Telehealth is the use of video conferencing through internet-based technologies such as Skype, to provide access to health care services for patients, who primarily reside in remote areas. For these residents, Medicare, provides rebates for a wide range of health care services, including psychology and psychiatry.
You can expect the equivalent standard of care for telehealth sessions, as you would expect in a face-to-face consult. The only difference is in a telehealth session you would be receiving your consult, through a computer, tablet or smartphone. Furthermore, if your psychiatry session is done at your medical centre, your GP (or another medical practitioner) attends the last 10 min for a handover process.
Recently, the Department of Health announced that telehealth services have been extended to the population that is affected the by the Coronavirus pandemic or are classified to be vulnerable, regardless of their location of residence.
Accessing psychiatric and psychology services through telehealth
To demonstrate how psychiatry and psychology services can be accessed through telehealth, the process of connecting patients with their clinician at Take Care Psychology (TCP) is illustrated below.
Telehealth consultations are bound by the same legal framework (e. g. informed consent and confidentiality laws) as seeing a psychiatrist face to face.
Effectiveness of telehealth vs face to face sessions
Many studies have shown that psychiatry telehealth sessions are just as effective as face to face session. In addition, they can be very convenient, because they cut down your travel time.
In the experience of TCP, in over 6 years of delivering psychiatry and psychology consultations through telehealth, only a handful of patients were not able to engage with their clinicians. The only limitation that TCP has experienced is that telehealth is not a suitable means for delivery of psychiatry services to children, as it is highly challenging to engage them remotely. As a result, the child and adolescent psychiatrist at TCP only accepts telehealth referrals for children, who are older than 12.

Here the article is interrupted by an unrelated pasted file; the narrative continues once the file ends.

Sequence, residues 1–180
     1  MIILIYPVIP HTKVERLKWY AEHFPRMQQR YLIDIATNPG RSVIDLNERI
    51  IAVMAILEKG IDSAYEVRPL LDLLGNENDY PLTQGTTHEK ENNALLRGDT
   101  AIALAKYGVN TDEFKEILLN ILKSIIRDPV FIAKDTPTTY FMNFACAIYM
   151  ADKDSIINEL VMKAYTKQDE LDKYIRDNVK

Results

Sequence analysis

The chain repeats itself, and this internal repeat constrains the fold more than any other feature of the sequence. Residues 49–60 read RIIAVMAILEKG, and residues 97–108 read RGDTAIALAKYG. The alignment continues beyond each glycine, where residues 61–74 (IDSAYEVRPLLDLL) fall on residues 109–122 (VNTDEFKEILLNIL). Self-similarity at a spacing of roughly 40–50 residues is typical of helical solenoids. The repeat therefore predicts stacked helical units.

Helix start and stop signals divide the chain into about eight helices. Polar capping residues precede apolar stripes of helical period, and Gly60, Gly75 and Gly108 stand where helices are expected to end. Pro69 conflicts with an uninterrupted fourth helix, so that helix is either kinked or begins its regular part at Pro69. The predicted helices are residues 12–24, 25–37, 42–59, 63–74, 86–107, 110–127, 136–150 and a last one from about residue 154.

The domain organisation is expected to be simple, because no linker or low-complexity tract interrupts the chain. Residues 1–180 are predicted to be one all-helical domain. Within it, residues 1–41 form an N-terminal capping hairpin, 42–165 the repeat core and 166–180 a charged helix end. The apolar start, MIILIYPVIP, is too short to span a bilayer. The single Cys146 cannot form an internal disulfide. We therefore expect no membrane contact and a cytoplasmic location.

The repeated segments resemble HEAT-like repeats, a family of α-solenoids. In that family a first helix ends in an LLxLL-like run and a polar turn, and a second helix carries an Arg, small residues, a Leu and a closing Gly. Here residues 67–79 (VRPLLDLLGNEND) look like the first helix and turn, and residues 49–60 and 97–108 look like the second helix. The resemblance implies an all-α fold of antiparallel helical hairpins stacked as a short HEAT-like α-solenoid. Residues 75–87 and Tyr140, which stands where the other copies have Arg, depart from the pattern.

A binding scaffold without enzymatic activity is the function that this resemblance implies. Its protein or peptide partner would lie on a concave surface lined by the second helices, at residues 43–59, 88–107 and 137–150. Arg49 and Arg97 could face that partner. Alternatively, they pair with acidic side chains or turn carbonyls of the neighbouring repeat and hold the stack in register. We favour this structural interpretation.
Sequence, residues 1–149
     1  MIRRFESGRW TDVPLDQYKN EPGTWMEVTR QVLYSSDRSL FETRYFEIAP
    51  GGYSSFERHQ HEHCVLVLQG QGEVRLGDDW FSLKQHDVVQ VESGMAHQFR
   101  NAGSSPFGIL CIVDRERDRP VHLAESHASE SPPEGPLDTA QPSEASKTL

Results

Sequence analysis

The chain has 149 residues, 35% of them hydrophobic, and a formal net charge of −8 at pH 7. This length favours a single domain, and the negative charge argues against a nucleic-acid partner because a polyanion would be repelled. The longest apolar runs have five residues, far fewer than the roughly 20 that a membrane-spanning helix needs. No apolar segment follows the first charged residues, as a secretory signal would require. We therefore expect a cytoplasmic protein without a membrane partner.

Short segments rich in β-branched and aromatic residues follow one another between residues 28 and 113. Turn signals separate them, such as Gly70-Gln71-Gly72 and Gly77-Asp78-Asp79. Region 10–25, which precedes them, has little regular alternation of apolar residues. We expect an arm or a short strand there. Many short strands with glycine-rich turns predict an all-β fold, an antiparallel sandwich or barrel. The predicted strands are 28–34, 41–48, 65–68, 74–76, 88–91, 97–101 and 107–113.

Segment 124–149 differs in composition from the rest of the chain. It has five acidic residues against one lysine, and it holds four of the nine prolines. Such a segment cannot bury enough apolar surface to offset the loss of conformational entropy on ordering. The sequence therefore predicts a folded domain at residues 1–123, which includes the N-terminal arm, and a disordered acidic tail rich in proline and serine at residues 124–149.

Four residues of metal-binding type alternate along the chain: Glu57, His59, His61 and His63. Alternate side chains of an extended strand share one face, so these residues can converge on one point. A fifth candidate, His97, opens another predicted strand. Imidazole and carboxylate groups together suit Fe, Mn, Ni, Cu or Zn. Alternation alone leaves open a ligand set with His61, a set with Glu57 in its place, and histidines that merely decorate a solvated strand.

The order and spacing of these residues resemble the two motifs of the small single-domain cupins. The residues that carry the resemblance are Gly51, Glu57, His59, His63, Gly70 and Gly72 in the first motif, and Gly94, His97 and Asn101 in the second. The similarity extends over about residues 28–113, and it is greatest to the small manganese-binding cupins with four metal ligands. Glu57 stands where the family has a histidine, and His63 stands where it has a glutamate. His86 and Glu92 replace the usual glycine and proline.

Requirements of telehealth
The requirements for a successful consult are as follows:
• A quiet, private room
• A fast, reliable internet connection
• A computer, tablet or smartphone (your psychiatrist will tell you which devices will work with their software)
As described below, there are two groups of patients that are eligible for receiving consultations through telehealth: (a) Patients who live in remote geographical areas and (b) patients living in any area but affected by the Coronavirus pandemic, spread rapidly in many countries.
Eligibility criteria for receiving consultations through telehealth
a) Patients living in regional area
The criteria to use Medicare supported telehealth services in Australia are (1) the patient and the specialist are required to be located a minimum of 15 kms apart at the time of the consultation and (2) patient’s place of residence is required to be in a geographically area that is eligible for receiving telehealth. The geographically eligibility is based on Remoteness Area (ASGC-RA) classifications. Telehealth Eligible Areas are those areas that are outside a Major City (RA1) according to ASGC-RA (RA2-5).
The exceptions to the eligible areas are where a patient is
• living in an eligible residential aged care facility; or
• be at an eligible Aboriginal Medical Service (AMS); or
• be at an eligible Aboriginal Community Controlled Health Service (ACCHS).
To see determine whether you live in a geographical eligible area, you need to use the map locator is provided on the Australian Government’s Doctor Connect website, http://www.doctorconnect.gov.au/.
b) The new Australian Government initiative for vulnerable & isolated patients
With the recent Coronavirus (also known as COVID-19) pandemic, the Department of Health has announced a new initiative, where people who are suffering from COVID-19, are isolated, or those that are considered to be vulnerable to this condition, can access to range of medical and allied health services through telehealth (e. g. Skype, FaceTime).
Vulnerable/isolated patients include are those where at least one of the following apply:
• people isolating themselves at home on the advice of a medical practitioner, in accordance with home isolation guidance issued by the AHPPC, and people who meet the current national triage protocol criteria for suspected COVID-19 infection after consultation with either the national COVID-19 hotline, state COVID-19 hotlines, registered medical or nursing practitioner or COVID-19 trained health clinic triage staff
• People aged over 70
• Aboriginal and Torres Strait Islander people aged over 50
• People with chronic health conditions or who are immunocompromised
• Parents with new babies and people who are pregnant.
You need to discuss your eligibility for any of the listed categories with your GP.
If you have any queries on receiving telehealth services, whether you live in a remote area or you may be eligible under the initiative for vulnerable & isolated patients, feel free to call the friendly admin staff at Takes Care Specialist Centre.